Gold prices gained traction earlier this week after the U.S. dollar index weakened from its temporary gains and crude oil prices rallied. The precious metal may have seen early session lulls over the past few weeks, though recent price gains prove the dip was only temporary. As of June 5, gold gained $6 per ounce, bringing it to $1,975.50.
European and Asian stock markets remained mixed earlier this week as the U.S. stock market trended on a similar level. The precious metals market saw modest gains following the release of May’s U.S. non-farm payrolls employment report. Friday’s report released a rise in figures, shocking market predictions, which expected another disappointing month after the last few consecutive dips.
The latest employment data release provided a critical reminder to analysts and investors alike: the Federal Reserve will likely stick to its hawkish strategy regarding the monetary policy given recent successes. Even if we see a rate-hike pause during June’s Federal Reserve meeting, many expect more aggressive rate hikes in the near future. Whether or not the previous aggressive rate hikes actually gave rise to the job report figures remains unclear.
If these factors weren’t enough to send investors’ heads spinning, another major hit entered the market earlier this week when Saudi Arabia decided to cut oil production. The nation plans to cut its production of crude oil by as much as 1 million barrels per day. The plan will begin in July.
At the same time, OPEC+ decided to maintain its current crude oil output levels. If you remember, back in May, OPEC+ announced a similar oil cut as Saudi Arabia, causing numerous ripples across global economies. In July, the cuts will just come from Saudi Arabia rather than all OPEC+ organization members (Algeria, Angola, Gabon, Equatorial Guinea, Iran, Iraq, Libya, Kuwait, Nigeria, the Republic of the Congo, Saudi Arabia, the United Arab Emirates, and Venezuela).
With these decisions, the U.S. dollar index remained steady in key outside markets earlier this week as NYMEX crude oil prices traded much higher. Prices reached a high point of $72.75 per barrel, while the ten-year U.S. Treasury note yield presented at 3.887%.
Gold futures bulls maintain the near-term technical advantage, with the next upside price objective being a $2,000-per-ounce solid resistance. Downside technical support on the bear’s side would be pushing a low of $1,949.60 per ounce. The current first resistance has hit $1,985 per ounce before $2,000, while the daily low support earlier this week first hit $1,953.80 per ounce, then $1,949.60 per ounce.
Moving forward, analysts and investors can continue monitoring Federal Reserve strategies as we await June’s decision. Most expect a rate pause for June following Jerome Powell’s previous statements, though only time can tell for certain.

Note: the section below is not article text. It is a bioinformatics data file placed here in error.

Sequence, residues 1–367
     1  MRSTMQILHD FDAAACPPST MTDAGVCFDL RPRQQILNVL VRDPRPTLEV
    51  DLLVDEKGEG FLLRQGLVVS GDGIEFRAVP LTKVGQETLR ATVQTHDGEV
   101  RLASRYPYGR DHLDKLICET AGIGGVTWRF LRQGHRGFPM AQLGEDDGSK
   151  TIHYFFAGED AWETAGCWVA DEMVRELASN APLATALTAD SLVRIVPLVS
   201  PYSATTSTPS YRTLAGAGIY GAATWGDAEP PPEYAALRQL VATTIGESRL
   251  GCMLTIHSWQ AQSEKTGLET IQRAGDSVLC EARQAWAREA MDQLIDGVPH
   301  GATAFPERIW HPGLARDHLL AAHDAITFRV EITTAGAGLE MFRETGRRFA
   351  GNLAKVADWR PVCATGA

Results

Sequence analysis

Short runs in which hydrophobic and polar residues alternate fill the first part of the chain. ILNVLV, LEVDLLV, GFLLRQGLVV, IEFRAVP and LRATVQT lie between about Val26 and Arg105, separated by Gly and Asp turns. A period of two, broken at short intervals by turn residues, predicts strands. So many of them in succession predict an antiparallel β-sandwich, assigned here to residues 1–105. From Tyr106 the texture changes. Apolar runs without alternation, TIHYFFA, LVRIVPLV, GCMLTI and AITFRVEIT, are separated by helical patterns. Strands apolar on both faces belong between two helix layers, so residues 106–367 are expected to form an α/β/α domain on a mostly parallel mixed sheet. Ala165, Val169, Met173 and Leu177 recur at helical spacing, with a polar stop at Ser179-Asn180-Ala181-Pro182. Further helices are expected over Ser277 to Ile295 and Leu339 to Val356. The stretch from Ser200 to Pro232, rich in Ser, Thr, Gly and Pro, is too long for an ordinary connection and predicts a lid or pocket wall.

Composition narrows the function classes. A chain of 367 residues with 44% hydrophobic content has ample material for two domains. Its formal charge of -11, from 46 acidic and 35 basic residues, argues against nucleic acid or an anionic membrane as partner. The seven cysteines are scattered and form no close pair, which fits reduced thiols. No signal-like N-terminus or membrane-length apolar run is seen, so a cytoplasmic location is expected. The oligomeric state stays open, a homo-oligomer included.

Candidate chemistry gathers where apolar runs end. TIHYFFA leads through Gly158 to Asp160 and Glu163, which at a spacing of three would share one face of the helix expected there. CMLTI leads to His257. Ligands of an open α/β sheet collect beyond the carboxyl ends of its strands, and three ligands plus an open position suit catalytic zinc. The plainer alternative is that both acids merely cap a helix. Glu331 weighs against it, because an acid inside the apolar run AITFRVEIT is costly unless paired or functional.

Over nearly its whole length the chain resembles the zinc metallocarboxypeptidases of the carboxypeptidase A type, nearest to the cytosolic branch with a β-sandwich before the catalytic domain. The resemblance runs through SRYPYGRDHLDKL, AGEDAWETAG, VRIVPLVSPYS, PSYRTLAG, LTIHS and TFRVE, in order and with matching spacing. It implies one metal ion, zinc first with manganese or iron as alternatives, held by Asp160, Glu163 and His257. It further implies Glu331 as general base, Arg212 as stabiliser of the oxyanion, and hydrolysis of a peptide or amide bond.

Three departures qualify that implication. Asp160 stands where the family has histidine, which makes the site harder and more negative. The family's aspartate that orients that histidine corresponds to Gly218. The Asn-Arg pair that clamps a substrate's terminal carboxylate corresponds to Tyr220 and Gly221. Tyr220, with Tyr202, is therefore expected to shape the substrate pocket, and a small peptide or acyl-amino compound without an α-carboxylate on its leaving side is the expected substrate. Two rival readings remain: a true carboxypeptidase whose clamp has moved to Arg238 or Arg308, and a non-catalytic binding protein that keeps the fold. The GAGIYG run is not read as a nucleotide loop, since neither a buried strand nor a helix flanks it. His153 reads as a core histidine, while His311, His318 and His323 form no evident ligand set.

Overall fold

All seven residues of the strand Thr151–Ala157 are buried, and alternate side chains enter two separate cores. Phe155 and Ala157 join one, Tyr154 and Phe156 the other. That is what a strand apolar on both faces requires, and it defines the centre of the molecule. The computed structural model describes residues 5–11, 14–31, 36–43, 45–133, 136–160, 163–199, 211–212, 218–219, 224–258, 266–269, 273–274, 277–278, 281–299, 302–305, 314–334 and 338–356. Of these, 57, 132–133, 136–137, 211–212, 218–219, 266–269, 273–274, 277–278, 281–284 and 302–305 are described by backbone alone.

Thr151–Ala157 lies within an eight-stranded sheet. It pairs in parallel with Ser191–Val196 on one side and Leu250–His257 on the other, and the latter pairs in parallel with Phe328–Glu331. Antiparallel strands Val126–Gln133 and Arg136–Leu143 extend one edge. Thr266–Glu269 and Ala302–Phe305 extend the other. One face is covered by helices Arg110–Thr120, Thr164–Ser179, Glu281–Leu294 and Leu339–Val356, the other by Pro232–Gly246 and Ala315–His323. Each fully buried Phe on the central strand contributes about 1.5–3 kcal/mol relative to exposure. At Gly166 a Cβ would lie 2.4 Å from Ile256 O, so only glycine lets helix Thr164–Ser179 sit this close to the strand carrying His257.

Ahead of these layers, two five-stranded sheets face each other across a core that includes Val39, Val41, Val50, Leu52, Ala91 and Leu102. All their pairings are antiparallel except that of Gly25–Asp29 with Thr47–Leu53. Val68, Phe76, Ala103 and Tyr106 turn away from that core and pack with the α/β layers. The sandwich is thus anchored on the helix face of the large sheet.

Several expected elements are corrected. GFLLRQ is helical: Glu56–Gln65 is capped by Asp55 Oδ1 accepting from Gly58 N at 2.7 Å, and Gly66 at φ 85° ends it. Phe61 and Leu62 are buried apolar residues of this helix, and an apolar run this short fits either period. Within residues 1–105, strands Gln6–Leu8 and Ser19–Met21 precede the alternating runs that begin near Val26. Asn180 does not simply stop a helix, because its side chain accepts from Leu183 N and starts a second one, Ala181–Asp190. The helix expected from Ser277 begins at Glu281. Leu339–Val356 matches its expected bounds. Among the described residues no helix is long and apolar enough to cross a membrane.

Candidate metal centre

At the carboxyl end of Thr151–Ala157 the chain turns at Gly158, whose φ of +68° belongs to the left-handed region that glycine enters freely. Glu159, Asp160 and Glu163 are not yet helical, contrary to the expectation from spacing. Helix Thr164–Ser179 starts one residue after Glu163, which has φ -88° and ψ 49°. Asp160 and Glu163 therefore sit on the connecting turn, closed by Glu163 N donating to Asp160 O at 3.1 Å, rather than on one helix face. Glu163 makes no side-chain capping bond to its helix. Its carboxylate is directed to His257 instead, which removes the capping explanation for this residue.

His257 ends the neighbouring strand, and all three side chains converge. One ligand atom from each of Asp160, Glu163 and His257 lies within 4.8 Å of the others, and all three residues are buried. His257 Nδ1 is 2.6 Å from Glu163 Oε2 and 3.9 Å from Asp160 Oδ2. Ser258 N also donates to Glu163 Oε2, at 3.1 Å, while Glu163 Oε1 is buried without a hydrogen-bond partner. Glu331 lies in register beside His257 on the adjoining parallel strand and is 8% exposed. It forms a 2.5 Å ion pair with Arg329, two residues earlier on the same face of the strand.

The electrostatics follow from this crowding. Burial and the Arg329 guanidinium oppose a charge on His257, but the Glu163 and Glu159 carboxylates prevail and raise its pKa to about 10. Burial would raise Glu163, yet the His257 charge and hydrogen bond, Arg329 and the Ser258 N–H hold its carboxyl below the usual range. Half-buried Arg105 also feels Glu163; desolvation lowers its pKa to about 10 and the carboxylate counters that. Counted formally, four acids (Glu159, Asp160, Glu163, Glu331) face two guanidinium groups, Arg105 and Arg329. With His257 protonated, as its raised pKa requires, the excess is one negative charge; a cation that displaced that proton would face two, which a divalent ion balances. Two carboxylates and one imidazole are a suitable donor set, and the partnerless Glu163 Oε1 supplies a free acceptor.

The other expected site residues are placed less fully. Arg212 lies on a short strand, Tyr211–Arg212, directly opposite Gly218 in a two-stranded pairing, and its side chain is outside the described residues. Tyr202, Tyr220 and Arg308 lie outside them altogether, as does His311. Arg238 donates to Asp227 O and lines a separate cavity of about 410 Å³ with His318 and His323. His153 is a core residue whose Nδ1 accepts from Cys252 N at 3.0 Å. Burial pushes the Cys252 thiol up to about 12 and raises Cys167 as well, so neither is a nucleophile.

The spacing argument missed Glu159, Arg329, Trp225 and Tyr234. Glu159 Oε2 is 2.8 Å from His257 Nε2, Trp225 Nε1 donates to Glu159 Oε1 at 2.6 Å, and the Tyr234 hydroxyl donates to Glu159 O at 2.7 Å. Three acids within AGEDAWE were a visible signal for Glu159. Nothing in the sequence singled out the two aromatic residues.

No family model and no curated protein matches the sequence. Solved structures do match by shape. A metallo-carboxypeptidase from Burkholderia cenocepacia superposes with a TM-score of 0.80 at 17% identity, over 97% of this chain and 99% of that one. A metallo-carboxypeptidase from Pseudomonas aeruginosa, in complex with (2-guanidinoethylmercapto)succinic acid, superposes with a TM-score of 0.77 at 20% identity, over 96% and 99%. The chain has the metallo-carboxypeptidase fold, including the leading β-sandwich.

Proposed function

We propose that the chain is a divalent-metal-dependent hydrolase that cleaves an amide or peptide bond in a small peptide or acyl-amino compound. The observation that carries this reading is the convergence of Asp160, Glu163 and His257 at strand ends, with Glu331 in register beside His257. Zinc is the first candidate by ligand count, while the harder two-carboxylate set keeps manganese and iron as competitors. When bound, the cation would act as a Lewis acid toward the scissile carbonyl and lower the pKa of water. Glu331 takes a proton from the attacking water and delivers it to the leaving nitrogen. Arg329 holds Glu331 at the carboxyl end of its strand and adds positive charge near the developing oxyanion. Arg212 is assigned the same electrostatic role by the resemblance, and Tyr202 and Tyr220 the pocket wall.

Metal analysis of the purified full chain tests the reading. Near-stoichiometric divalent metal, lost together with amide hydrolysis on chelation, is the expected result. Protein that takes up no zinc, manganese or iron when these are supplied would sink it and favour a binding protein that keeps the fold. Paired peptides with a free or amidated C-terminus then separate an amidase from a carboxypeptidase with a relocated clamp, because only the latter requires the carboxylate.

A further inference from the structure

Powell explained in the last Fed gathering that the committee would now decide on a case-by-case basis on if and when to hike rates rather than doing so automatically. In previous comments, he hinted toward future pauses to calm the stirred-up economy after such aggressive actions in the first quarter. After this announcement, gold immediately shot up to $2,055 per ounce, the highest price it’s been all year.
“For gold, we are going to see more optimism that the Fed is done,” Edward Moya, a senior market analyst for OANDA, explained in an interview with Kitco News. “The Fed seems likely to pause their tightening cycle, and if the updated forecasts remain optimistic that inflation will get a lot closer to target, it could be good news for gold bulls. Gold volatility should be elevated as prices could break out of the $1,950 to $2,000 trading range.”
As we attempt to predict gold prices, all eyes will remain fixed on Federal Reserve actions to better understand how the economy will perform in the coming months. High interest rates typically equal lower demand, though paused rate hikes offer higher gold prices.
“We expect the Fed to leave interest rates unchanged at next week’s FOMC meeting but, in what could be characterized as a ‘hawkish skip,’ to signal via forward guidance that officials are minded to hike interest rates again, probably at the following meeting in late-July,” Paul Ashworth, the chief North American economist at Capital Economics, explained. “The recent resilience of employment and stickiness of core inflation will ensure that the Fed delivers that rate hike as planned next month.”
Despite Ashworth’s confidence, predicting Fed actions can still sometimes feel like a guessing game. As always, investors should consult their financial advisors before making any portfolio decisions.